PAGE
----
Sëbou’s latest collection of handmade rugs is woven using Eton’s upcycled fabrics and inspired by flower fields in northern Morocco

Sustainability and craftsmanship is at the forefront of Sëbou's rugs

Since starting Sëbou in 2019, Omar Marhri has been adamant in ensuring that his rugs are created with sustainability in mind, using ecological wool made with zero waste, as well as cashmere. His second goal was to highlight the historic artisanship of Morocco’s Berber population, who have been expert craftspeople in the use of wool, iron, silver and clay for pottery. “I wanted to reimagine, reinvent and regenerate the artisanal craftsmanship of Moroccan rug-making,” shares Marhri, who is also the brand’s creative director. 

With these values in mind, the Swedish brand’s latest limited-edition collection is woven in Morocco using upcycled by-products from fashion brand Eton’s shirt design process, using excess ‘blanket rolls’, each consisting of more than 100 colours and combinations. While these are usually later placed in storage – in Eton’s fabric archives – the collaboration with Sëbou has given them a new purpose. The idea came to Marhri through a conversation with a friend about fashion design’s ongoing waste problem, specifically leftover fabrics. They were on a plane going back from Morocco to Sweden, where Marhri lives. 

“Being aware comes with responsibility, and we owe it to ourselves and the future to strive towards a more environmentally friendly lifestyle”, he adds. “[For] a design company, trends have an inherent challenge: they have their peaks, and eventually get replaced by the next trend. Our focus has always been to do the opposite: to make one-of-a-kind, timeless pieces made from materials that are recycled and upcycled and can live for a long time.” Leftover fabric is a common result of textile production, prompting Sëbou to purchase it in bulk from Morocco, Ghana and Sweden.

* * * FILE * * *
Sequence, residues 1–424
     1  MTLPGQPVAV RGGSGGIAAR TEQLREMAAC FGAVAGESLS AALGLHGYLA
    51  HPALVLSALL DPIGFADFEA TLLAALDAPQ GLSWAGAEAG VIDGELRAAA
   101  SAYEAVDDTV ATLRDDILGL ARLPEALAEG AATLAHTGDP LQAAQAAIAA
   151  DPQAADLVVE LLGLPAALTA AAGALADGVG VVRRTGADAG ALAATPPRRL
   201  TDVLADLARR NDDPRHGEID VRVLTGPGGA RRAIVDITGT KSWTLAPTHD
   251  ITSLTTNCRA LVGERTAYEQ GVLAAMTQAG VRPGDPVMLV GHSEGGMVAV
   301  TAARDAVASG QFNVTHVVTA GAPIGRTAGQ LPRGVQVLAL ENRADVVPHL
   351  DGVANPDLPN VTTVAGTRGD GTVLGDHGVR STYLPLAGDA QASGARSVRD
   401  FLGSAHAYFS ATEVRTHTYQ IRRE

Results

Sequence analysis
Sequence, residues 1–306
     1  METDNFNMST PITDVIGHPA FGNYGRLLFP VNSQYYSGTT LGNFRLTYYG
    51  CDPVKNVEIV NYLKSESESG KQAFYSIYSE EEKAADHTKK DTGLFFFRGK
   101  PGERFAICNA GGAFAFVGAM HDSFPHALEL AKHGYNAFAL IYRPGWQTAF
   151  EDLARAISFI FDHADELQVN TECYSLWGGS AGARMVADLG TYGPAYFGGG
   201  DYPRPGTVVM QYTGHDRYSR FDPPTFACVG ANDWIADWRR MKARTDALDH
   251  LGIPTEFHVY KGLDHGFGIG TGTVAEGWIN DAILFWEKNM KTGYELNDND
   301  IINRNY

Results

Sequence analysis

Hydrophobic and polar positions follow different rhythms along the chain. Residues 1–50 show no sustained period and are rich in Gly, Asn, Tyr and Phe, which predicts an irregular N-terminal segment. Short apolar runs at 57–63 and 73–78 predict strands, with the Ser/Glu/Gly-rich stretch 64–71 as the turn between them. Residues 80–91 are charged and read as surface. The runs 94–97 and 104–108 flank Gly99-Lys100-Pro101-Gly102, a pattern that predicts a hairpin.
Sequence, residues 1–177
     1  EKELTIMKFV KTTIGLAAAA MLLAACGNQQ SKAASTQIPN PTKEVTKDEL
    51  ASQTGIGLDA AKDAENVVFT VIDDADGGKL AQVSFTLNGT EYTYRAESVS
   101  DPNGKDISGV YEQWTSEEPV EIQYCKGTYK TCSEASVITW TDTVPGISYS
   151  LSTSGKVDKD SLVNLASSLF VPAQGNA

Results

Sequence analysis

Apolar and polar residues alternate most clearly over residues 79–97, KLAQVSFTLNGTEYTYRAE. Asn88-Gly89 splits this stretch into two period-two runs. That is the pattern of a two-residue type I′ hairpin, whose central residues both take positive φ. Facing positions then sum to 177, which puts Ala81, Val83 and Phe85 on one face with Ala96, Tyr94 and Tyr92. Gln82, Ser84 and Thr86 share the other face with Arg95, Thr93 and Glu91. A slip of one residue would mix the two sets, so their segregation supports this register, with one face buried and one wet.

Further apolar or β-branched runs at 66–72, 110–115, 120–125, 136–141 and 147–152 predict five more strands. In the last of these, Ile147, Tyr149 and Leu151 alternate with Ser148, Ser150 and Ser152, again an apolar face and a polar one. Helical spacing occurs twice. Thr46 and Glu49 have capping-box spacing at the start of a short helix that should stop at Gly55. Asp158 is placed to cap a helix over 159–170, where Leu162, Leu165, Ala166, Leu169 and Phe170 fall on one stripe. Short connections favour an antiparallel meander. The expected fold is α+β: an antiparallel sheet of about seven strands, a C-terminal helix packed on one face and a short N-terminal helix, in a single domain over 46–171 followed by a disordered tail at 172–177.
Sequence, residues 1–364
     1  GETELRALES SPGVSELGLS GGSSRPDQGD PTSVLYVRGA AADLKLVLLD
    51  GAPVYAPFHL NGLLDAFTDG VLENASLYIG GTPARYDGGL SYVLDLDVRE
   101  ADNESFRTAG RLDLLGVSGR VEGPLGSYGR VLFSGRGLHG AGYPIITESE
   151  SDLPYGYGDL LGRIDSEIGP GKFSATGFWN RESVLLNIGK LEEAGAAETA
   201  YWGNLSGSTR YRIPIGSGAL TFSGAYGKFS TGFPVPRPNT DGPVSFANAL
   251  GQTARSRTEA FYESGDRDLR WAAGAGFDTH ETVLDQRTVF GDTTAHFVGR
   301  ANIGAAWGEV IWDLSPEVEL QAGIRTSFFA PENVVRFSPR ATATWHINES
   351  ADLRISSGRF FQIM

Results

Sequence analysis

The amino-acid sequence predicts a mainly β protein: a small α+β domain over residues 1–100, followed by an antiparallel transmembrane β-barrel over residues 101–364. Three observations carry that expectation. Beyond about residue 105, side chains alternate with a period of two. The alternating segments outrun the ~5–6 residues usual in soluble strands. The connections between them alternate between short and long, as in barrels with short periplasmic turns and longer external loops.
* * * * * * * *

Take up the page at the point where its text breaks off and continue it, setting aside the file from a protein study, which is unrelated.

“After I came home to Stockholm from my trip, I contacted my good friend Sebastian Dollinger, who was at the time the creative director at Eton, which is one of Sweden’s oldest shirt brands, with an incredible history. I asked if they had any leftover fabrics that I could reuse to make beautiful rugs. He thought it was an incredible idea to give life to something that is just lying there, and he told me that they have a lot of leftover fabrics in their factories in Italy and Switzerland that we can use,” Marhri recounts. 

Sëbou is an amalgamation of its founder’s home and heritage: weaving the subtlety of Scandinavian design with the vibrancy of Moroccan culture, rich in its craft heritage. 

“For thousands of years, the Moroccan Amazigh have been knitting rugs in the same way, with the same historical designs and materials,” Marhri says. “My approach to designs is to try to challenge what has been, mixing old with new, Swedish minimalism and Moroccan craftsmanship, to make unique sustainable rugs.” 

The limited-edition collection is also an ode to his childhood memories in Morocco, and inspired by the flower fields by the Sebou River – located in the north of the country. It was the first time he had seen the river in springtime as an adult, having spent summers there only as a child. “When I went down in the spring for the first time, I saw that the fields had bloomed. It brought me such peace and joy to observe, and I really wanted to share this through my art,” he says. 

The collection’s vibrant colours have been knotted by hand – a discipline that takes a great deal of expertise and skill that has been passed on for generations.

“Craftsmanship is an art in danger of extinction. As everything becomes more efficiently produced and cheaper, people no longer value craftsmanship and quality as they once did,” Marhri says. “I am truly dedicated to keeping these traditions alive using new, innovative ways, so that craft can also appeal to the new generation.”  

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